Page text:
Science and Technology

Observations confirm that aerosols formed from plant emitted compounds can make clouds brighter

Science Daily - 24/09/2021
An observational study confirms a prevailing theory that volatile organic compounds emitted by vegetation form atmospheric aerosols which make clouds more reflective.

Radiation therapy reprograms heart muscle cells to younger state

Science Daily - 24/09/2021
New research suggests that radiation therapy can reprogram heart muscle cells to what appears to be a younger state, fixing electrical problems that cause a life-threatening arrhythmia without the need for a long-used, invasive procedure.

Machine learning uncovers 'genes of importance' in agriculture and medicine

Science Daily - 24/09/2021
Machine learning can pinpoint 'genes of importance' that help crops to grow with less fertilizer, according to a new study. It can also predict additional traits in plants and disease outcomes in animals, illustrating its applications beyond agriculture.

Lab grown tumor models could improve treatment for pancreatic cancer

Science Daily - 24/09/2021
An international team of scientists have created a three-dimensional (3D) pancreatic cancer tumour model in the laboratory, combining a bioengineered matrix and patient-derived cells that could be used to develop and test targeted treatments.

Systems approach helps assess public health impacts of changing climate, environmental policies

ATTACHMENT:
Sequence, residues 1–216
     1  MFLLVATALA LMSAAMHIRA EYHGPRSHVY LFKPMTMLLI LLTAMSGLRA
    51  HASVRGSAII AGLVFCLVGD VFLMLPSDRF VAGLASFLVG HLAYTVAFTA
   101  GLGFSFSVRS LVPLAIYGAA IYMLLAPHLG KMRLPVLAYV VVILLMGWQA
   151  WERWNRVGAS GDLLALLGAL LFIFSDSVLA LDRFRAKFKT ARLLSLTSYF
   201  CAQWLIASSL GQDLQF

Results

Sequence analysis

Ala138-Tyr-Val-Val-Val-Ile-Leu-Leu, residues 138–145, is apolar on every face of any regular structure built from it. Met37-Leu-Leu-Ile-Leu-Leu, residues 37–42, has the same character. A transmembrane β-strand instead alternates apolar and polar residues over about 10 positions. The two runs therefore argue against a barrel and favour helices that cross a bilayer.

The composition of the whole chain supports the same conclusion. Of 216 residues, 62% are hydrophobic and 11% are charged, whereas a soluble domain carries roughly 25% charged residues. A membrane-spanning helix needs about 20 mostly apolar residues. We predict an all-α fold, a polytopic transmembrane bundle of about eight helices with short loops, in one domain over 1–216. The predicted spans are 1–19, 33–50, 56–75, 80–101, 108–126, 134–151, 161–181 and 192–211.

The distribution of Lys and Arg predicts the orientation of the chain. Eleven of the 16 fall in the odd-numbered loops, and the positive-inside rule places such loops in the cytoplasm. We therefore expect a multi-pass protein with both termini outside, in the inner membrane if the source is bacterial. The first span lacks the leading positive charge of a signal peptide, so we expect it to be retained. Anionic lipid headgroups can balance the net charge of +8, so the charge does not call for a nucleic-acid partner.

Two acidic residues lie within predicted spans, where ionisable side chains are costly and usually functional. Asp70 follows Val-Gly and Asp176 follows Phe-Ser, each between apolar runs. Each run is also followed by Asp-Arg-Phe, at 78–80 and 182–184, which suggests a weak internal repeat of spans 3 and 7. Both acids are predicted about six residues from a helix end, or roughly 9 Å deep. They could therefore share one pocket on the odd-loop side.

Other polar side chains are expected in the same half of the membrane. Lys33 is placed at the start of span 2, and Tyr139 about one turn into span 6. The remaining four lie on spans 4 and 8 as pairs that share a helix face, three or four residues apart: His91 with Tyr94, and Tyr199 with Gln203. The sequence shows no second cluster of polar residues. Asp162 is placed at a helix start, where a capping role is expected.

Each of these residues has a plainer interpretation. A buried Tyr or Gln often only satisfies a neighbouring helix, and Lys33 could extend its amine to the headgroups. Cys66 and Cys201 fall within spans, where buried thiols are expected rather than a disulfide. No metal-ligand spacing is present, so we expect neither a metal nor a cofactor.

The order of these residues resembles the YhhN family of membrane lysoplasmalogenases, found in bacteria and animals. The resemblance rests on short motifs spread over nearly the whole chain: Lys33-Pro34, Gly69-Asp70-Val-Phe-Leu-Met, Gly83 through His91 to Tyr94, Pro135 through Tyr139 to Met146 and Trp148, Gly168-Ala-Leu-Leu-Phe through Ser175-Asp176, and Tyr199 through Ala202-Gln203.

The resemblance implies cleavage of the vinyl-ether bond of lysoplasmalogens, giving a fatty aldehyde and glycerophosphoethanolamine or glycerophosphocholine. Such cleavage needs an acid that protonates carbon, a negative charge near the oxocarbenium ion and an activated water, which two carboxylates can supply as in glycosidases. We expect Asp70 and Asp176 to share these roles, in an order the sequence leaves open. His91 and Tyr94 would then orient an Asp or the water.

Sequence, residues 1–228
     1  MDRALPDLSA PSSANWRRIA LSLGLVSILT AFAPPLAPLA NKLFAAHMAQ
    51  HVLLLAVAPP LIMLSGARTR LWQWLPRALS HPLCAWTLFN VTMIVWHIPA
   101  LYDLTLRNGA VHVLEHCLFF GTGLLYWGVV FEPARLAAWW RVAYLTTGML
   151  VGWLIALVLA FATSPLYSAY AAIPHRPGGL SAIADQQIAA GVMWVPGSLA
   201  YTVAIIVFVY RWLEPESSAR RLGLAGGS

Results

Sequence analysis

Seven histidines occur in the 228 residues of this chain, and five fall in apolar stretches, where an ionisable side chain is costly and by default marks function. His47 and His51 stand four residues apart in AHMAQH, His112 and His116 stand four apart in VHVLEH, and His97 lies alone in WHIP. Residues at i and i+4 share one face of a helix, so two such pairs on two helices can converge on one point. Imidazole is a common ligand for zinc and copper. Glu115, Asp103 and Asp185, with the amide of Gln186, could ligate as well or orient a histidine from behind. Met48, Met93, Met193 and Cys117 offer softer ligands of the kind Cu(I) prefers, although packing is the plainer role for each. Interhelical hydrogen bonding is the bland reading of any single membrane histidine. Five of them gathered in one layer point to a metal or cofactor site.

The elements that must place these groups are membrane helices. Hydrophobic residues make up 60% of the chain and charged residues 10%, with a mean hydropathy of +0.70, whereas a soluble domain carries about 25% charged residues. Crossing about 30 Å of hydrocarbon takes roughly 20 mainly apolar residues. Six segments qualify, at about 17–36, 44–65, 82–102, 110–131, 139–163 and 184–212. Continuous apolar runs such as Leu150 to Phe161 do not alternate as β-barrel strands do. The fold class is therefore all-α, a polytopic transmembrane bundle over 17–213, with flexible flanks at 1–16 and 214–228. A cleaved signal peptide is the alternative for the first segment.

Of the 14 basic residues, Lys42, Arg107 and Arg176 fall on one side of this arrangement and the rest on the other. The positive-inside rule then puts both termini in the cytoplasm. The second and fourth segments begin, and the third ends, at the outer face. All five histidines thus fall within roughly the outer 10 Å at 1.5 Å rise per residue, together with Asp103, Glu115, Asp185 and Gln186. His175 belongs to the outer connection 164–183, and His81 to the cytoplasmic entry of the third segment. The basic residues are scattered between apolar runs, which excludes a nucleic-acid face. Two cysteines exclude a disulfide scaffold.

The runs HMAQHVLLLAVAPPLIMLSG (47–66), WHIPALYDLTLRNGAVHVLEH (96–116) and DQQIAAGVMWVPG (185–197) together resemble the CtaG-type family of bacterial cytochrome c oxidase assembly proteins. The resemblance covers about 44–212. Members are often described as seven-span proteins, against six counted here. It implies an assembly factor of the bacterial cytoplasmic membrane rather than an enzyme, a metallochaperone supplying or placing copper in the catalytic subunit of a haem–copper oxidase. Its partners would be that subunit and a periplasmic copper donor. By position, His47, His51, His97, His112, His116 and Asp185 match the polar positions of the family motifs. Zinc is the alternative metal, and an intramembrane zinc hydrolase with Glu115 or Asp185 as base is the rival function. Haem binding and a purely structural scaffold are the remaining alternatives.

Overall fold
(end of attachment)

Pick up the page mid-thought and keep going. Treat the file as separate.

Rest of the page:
Science Daily - 24/09/2021
Scientists offer an alternative way to understand and minimize health impacts from human-caused changes to the climate and environment.

Novel small molecule potently attenuates neuroinflammation in brain and glial cells

Science Daily - 24/09/2021
In a preclinical study show that their small molecule drug, SRI-42127, can potently attenuate the triggers of neuroinflammation. These experiments in glial cell cultures and mice now open the door to testing SRI-42127 in models of acute and chronic neurological injury.

If endangered primates disappear, so will their parasites. That's actually a problem

Science Daily - 24/09/2021
People are more aware of the plight of endangered gorillas than of gorillas' gut worms, and are understandably more enamored with mouse lemurs than their mites. Half of the world's roughly 500 primate species are at risk of extinction due to human activities such as hunting, trapping and deforestation. But the demise of the world's threatened primates could also trigger even more extinctions for the parasites that lurk within them, finds a new study.

Aging the unageable: New way to age lobsters

Science Daily - 24/09/2021
Researchers have developed a new way of determining the age of a lobster based on its DNA. Lobsters are notoriously difficult to age. Nobody knows exactly how old they can get, and some experts have estimated they could live on the ocean floor for as long as a century or more. Until now, a lobster's age has usually been estimated using its size - but this is inaccurate as individual lobsters grow at different rates. The new DNA-based technique could help manage lobster fisheries more sustainably.

A new solid-state battery surprises the researchers who created it

Science Daily - 24/09/2021
Engineers created a new type of battery that weaves two promising battery sub-fields into a single battery. The battery uses both a solid state electrolyte and an all-silicon anode, making it a silicon all-solid-state battery. The initial rounds of tests show that the new battery is safe, long lasting, and energy dense. It holds promise for a wide range of applications from grid storage to electric vehicles.

Wide heads help sperm swim together

Science Daily - 24/09/2021
Researchers used machine learning to discover that sperm with a wide head relative to length are more likely to clump together and swim collectively, a rare behavior that sometimes helps them reach an egg faster. The study provides a new method for understanding how form and function are related in cells with complex behaviors in all animals, including humans.